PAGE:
GST rollout: Firms can sell ‘unsold stock’ at reprinted MRP till Sept 30

Speaking at the same conference, Revenue Secretary Hasmukh Adhia said the government is closely monitoring price and supply of goods, particularly essential items, to ensure there are no disruptions post introduction of the GST.

By: ENS Economic Bureau | New Delhi | Updated: July 5, 2017 2:45 am
gst, gst rollout, goods and services tax, gst unsold stock, india news, business news, With regard to the requirement for issuing bills for small traders, Adhia said traders having annual turnover below Rs 20 lakh are exempt from the GST.

With the GST roll-out impacting taxation of various products, the government has allowed companies to sell “unsold stock” at new prices after stamping or printing the revised maximum retail price (MRP) along with the existing price on the package. The Department of Consumer Affairs issued an order on Tuesday giving a three month window till September 30 to companies to sell unsold stocks at new prices. A revision in the rate of a pre-packaged commodity can be done only after advertisement in at least two newspapers, Consumer Affairs Secretary Avinash Srivastava said at a press conference on Tuesday. Declaration of changed MRP can be done by way of stamping or putting sticker or online printing, he said.

“New price cannot be higher than extent of increase of tax. The original MRP should continue to be displayed and the revised MRP shall not overwrite it,” Srivastava said. For reducing the MRP, a sticker with the revised lower MRP may be affixed. In a statement issued on Tuesday, Department of Consumer Affairs said: “In exercise of the powers conferred by rule 33 (1) of the Legal Metrology (Packaged Commodities) Rules, 2011, the Central government hereby permits the manufacturers or packers or importers of pre-packaged commodities to declare the changed retail sale price (MRP) on the unsold stock manufactured/ packed/imported prior to 1st July, 2017 after inclusion of the increased amount of tax due to GST if any, in addition to the existing retail sale price (MRP), for three months w.e.f. from 1st July 2017 to 30th September , 2017.”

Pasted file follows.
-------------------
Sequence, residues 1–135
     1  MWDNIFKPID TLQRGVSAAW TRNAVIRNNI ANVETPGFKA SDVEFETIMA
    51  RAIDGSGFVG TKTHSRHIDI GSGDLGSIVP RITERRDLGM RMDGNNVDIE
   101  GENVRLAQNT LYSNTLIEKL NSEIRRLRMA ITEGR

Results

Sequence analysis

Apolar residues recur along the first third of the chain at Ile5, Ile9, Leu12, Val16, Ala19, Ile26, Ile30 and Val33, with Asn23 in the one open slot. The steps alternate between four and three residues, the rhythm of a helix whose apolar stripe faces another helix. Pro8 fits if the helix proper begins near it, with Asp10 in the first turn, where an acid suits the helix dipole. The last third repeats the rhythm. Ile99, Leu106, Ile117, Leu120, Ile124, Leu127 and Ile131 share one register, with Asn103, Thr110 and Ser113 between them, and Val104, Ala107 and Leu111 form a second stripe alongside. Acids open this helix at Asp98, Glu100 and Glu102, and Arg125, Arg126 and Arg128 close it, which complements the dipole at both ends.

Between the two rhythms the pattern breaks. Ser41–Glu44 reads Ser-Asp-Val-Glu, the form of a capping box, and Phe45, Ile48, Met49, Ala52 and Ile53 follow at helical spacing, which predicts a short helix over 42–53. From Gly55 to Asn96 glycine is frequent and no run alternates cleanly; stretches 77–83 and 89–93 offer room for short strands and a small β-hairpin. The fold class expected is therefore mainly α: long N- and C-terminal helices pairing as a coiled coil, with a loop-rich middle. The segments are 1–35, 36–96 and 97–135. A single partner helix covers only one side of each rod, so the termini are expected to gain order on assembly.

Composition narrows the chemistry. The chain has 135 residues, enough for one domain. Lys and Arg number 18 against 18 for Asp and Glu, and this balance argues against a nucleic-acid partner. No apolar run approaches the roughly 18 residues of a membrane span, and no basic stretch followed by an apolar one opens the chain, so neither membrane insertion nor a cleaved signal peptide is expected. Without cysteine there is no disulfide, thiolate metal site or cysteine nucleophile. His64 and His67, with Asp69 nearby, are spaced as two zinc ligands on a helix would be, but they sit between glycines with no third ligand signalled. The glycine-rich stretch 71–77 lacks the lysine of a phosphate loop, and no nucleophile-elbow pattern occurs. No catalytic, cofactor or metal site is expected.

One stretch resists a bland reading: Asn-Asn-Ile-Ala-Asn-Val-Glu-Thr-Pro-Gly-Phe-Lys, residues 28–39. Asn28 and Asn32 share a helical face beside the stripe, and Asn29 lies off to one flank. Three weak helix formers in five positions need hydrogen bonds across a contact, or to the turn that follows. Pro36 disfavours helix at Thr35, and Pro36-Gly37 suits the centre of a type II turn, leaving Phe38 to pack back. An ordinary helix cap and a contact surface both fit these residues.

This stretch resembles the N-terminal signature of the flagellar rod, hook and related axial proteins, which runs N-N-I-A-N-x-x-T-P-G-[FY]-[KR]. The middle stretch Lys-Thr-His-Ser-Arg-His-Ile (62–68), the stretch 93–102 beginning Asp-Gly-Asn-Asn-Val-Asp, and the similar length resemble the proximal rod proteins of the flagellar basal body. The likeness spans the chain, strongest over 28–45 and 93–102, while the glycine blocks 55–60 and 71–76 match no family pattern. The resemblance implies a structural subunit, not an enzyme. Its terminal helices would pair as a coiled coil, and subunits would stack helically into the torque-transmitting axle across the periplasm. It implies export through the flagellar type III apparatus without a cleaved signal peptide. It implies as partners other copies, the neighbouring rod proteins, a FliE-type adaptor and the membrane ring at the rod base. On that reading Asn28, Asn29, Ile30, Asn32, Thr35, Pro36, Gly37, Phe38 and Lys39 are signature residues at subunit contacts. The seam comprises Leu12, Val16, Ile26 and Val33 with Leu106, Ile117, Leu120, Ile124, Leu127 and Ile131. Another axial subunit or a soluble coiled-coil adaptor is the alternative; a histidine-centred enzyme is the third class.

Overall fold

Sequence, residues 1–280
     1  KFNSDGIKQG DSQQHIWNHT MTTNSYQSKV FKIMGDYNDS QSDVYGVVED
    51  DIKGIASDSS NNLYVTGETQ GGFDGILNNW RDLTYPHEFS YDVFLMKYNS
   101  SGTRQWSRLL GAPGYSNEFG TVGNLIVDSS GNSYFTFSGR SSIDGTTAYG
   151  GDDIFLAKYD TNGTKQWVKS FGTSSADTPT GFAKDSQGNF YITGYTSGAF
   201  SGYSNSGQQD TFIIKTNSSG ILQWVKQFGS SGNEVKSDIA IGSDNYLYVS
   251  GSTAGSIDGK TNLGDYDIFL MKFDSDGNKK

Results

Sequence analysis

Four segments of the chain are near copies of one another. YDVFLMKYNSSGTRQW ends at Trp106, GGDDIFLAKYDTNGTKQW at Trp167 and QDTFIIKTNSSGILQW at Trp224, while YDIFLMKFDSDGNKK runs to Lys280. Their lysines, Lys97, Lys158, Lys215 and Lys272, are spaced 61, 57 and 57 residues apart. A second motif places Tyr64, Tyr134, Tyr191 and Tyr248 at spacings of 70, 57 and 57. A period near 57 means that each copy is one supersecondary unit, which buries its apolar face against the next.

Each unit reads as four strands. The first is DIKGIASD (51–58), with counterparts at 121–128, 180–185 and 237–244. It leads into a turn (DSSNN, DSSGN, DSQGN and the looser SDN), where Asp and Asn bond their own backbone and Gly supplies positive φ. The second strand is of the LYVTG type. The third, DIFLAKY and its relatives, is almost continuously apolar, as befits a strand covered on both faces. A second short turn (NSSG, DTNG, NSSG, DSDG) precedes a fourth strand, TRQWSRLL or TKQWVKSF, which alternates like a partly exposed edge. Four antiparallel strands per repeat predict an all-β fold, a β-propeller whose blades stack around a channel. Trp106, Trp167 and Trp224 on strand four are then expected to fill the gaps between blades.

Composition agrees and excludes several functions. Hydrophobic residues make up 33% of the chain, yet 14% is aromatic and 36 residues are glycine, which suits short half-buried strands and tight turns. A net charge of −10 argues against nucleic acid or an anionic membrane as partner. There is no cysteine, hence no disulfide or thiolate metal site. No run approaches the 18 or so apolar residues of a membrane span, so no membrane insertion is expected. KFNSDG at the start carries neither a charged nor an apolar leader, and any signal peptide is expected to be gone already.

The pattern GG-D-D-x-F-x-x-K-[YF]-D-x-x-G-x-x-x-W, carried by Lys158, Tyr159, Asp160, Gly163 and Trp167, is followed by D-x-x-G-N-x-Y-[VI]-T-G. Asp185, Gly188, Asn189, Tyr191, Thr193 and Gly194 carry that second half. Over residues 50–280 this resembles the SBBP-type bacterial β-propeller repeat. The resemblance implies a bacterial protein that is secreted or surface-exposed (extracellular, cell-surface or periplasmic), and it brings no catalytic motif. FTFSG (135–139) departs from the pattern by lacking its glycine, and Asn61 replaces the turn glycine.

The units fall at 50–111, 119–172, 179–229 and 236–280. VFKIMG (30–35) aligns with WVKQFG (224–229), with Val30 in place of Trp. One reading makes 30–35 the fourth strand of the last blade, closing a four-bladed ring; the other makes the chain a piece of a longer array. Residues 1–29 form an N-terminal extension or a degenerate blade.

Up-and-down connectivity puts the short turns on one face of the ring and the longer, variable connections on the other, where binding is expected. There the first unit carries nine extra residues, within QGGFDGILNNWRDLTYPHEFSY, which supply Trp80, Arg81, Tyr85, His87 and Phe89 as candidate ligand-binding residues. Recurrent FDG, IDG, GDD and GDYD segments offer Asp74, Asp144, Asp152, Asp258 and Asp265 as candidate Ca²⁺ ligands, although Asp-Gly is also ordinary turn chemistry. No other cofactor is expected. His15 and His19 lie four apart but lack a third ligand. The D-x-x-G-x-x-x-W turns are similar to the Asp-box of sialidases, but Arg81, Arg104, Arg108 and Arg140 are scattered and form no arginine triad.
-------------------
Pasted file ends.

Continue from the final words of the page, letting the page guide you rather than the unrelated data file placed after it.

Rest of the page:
Speaking at the same conference, Revenue Secretary Hasmukh Adhia said the government is closely monitoring price and supply of goods, particularly essential items, to ensure there are no disruptions post introduction of the GST.

He said there have been no reports of any disruptions post GST implementation and a central monitoring committee, comprising of 15 top secretaries of the government, will meet every Tuesday to take stock of the situation. Additionally, 175 officers of joint secretary/additional secretary level have been given charge of 4-5 districts each to monitor the GST implementation, he said.

On the issue of registration for the GST, he said about two lakh new registrations have been done since the registration reopened last week. Of these, 39,000 have already been approved. The government will also start a one-hour GST Master Class which will be telecast on DD National to guide people in a smooth transition towards the new tax system. The telecast will be from 4.30 PM to 5.30 PM on Thursday, Friday, Monday, Tuesday and Wednesday and from 11.00 AM to 12.00 PM on Saturday.

With regard to the requirement for issuing bills for small traders, Adhia said traders having annual turnover below Rs 20 lakh are exempt from the GST. Traders covered under a composition scheme that requires them to pay a fixed tax are not mandated to provide a break-up of the GST tax on the bills they issue to consumers. Bigger businesses with a turnover of over Rs 75 lakh are required to issue bills with break-up of GST but not necessarily computer generated receipts, he said. Even hand-written receipts with a proper invoice number that can be added and filed in returns are allowed to be issued.

Adhia said toll tax, mandi charges and fee on vehicle entry into states are not subsumed in the GST and will continue to be charged by local bodies or state governments. All other levies on entry of goods have been subsumed in the GST, thereby resulting in abolition of entry barriers in 22 states.

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